A Love Story named Valeggio sul Mincio
Italian cuisine is so diverse from region to region. The characteristics which define these differences are based on agriculture, climate, economy and historical traditions. But one common thread is pride.
Yes, from north to south, mainland to the islands, Italians are extremely proud of their cuisine.
Their customs and food plays a fundamental role in socialising, community building and family.
Oh and they’re a romantic bunch too! I guess you could say that passion, an appreciation of beauty and a love of well, love, are in the Italian DNA.
On my recent visit to north Italy, I found out that those talented Bolognese aren’t the only tortellini makers around here. The Veneto region packs a pretty good punch too!
Valeggio sul Mincio is a small town in the province of Verona and while the picturesque hamlet of Borgetto, lake life and a rich history characterise this pretty place, it’s famous for being one of Italy’s capital of tortellini.
But in these parts, you don’t just call tortellini, tortellini. No, no, no. Valeggio is home to the “Nodo d’Amore“ or, in English, the love knot.
The name was born from a legend and tradition that dates back to the 13th century and features no less than a court jester, some nobles, nymphs, witches and a love spell of course!
Basically, military captain Malco fell in love with Silvia, a beautiful nymph. As a symbol of their undying love, she gifted him a handkerchief tied in a knot. Legend has it that the two disappeared into the river to escape prison charges and to this day, this special pasta is made in pasta houses and homes across Valeggio sul Mincio to honour their beautiful love story.
Is that romantic or what??
Valeggio tortellini are made with golden egg pasta sheets, filled with a delicate meat filling and tied in a little knot. So they are slightly different from those you’ll find in the Emilia Romagna region.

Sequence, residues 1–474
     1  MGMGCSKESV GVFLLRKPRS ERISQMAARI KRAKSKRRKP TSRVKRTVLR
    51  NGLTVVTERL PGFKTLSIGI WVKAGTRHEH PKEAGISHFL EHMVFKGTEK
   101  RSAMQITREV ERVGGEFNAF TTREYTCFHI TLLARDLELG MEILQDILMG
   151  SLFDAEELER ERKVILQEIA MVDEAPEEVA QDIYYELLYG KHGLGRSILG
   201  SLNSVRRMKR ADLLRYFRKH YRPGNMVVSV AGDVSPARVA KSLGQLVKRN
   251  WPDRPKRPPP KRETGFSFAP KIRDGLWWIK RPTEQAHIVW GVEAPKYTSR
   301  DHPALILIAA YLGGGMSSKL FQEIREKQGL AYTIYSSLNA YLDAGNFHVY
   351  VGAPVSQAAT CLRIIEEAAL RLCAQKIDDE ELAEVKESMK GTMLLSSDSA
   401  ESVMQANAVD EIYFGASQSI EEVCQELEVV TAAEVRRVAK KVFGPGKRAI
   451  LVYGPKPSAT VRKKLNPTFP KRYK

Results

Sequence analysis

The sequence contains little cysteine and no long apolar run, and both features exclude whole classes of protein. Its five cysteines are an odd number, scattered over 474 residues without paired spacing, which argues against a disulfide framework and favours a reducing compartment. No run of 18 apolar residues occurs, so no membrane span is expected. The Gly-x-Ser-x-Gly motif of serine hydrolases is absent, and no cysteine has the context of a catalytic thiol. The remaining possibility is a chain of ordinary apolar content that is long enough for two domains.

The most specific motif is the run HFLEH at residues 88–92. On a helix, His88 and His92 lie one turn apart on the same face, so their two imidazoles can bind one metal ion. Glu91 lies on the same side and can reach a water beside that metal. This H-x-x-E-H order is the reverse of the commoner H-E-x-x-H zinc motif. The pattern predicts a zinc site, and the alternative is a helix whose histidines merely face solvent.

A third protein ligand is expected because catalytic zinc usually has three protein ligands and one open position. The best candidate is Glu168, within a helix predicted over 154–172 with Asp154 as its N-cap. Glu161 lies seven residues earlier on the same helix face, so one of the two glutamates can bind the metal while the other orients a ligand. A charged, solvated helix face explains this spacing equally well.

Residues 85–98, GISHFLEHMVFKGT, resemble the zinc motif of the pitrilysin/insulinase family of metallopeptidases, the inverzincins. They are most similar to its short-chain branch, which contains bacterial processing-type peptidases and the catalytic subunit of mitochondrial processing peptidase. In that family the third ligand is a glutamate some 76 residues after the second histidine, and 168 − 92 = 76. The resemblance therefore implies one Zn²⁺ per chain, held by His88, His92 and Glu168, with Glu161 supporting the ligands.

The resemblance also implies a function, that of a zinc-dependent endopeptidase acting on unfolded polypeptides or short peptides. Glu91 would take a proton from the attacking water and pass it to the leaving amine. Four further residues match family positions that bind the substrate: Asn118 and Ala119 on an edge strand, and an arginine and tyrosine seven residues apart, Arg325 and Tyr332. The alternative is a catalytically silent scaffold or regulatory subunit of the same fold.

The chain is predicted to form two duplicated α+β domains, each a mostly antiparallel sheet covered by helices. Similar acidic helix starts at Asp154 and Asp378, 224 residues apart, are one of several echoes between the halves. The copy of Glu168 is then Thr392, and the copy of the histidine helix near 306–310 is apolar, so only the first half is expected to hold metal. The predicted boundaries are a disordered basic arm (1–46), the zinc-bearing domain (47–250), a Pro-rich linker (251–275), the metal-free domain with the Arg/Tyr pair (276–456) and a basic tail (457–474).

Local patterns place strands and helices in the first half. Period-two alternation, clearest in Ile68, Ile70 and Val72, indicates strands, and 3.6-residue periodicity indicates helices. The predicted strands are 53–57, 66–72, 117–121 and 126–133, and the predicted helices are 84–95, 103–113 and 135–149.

On my recent press visit to Valeggio we visited one of the towns’ pasta houses, Pastificio al Re del Tortellino (the king of tortellini pasta house) to participate in a tortellini making demonstration.
Seeing these local women in a production line of tying love knots was one of the highlights of my visit. You could just feel their sense of pride as they put their craft on display.
I got to try my hand at tying some love knots.. And truth be told, as it turns out, I’m a bit of a natural actually!
We also got to taste them of course with a snack of fried tortellini (crunchy and tasty!) and during a long lunch at Ristorante alla Borsa, which featured no less than 2 courses of tortellini – one of which was seasonally filled with pumpkin.
But the best takeaway? Finding out that the Assocazione Ristoratori Valeggio sul Mincio (the local restaurant association) hosts an annual tortellini festival in honour of this golden pasta parcel and the love story of Malco and Silvia. On the 3rd Tuesday in June each year, the Visconteo bridge is closed to traffic and lined with tables for a big tortellini feast, aptly named the Festa del Nodo d’Amore (the love knot festival).
And you can probably guess who’s already making plans to be there in 2015!
Signing off from Trastevere (in a love love mood!)
To see more on my recent north Italy travels, follow the hashtag #VeronaGarda on social media and watch this space!
Note: I participated in this press trip as part of my selection as a Top Hosted Blogger for TBDI2014. This post-conference press tour was funded by the following partners whom I thank immensely for their support and heartwarming hospitality: TTG Italia, TBDI – Travel Blogger Destination Italy, Verona Tuttintorno, Lago di Garda Veneto, Comune di Verona, Comune di Valeggio Sul Mincio (Verona), Comune di Cavriana (Mantova) and Palazzo Te Mantova
While all my travel costs were covered, nobody tells me what to write. All views and images are my own.0